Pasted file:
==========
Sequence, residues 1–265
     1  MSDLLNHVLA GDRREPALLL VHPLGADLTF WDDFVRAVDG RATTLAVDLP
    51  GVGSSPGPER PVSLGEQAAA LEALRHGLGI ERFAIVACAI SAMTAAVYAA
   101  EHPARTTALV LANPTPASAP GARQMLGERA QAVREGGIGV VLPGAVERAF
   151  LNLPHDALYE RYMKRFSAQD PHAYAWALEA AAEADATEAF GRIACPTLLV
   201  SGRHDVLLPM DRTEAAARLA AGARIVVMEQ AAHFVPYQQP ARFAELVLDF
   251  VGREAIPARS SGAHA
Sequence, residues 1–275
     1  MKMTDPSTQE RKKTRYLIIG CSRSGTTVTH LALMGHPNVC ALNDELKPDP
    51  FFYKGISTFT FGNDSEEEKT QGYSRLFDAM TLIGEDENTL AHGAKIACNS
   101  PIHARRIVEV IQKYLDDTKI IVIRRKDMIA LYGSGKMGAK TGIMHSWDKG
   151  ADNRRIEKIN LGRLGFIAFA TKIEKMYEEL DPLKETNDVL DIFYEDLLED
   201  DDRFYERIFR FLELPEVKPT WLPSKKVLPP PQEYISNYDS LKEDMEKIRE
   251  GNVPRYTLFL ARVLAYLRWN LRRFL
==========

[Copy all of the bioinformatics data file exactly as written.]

Sequence, residues 1–265
     1  MSDLLNHVLA GDRREPALLL VHPLGADLTF WDDFVRAVDG RATTLAVDLP
    51  GVGSSPGPER PVSLGEQAAA LEALRHGLGI ERFAIVACAI SAMTAAVYAA
   101  EHPARTTALV LANPTPASAP GARQMLGERA QAVREGGIGV VLPGAVERAF
   151  LNLPHDALYE RYMKRFSAQD PHAYAWALEA AAEADATEAF GRIACPTLLV
   201  SGRHDVLLPM DRTEAAARLA AGARIVVMEQ AAHFVPYQQP ARFAELVLDF
   251  VGREAIPARS SGAHA
Sequence, residues 1–275
     1  MKMTDPSTQE RKKTRYLIIG CSRSGTTVTH LALMGHPNVC ALNDELKPDP
    51  FFYKGISTFT FGNDSEEEKT QGYSRLFDAM TLIGEDENTL AHGAKIACNS
   101  PIHARRIVEV IQKYLDDTKI IVIRRKDMIA LYGSGKMGAK TGIMHSWDKG
   151  ADNRRIEKIN LGRLGFIAFA TKIEKMYEEL DPLKETNDVL DIFYEDLLED
   201  DDRFYERIFR FLELPEVKPT WLPSKKVLPP PQEYISNYDS LKEDMEKIRE
   251  GNVPRYTLFL ARVLAYLRWN LRRFL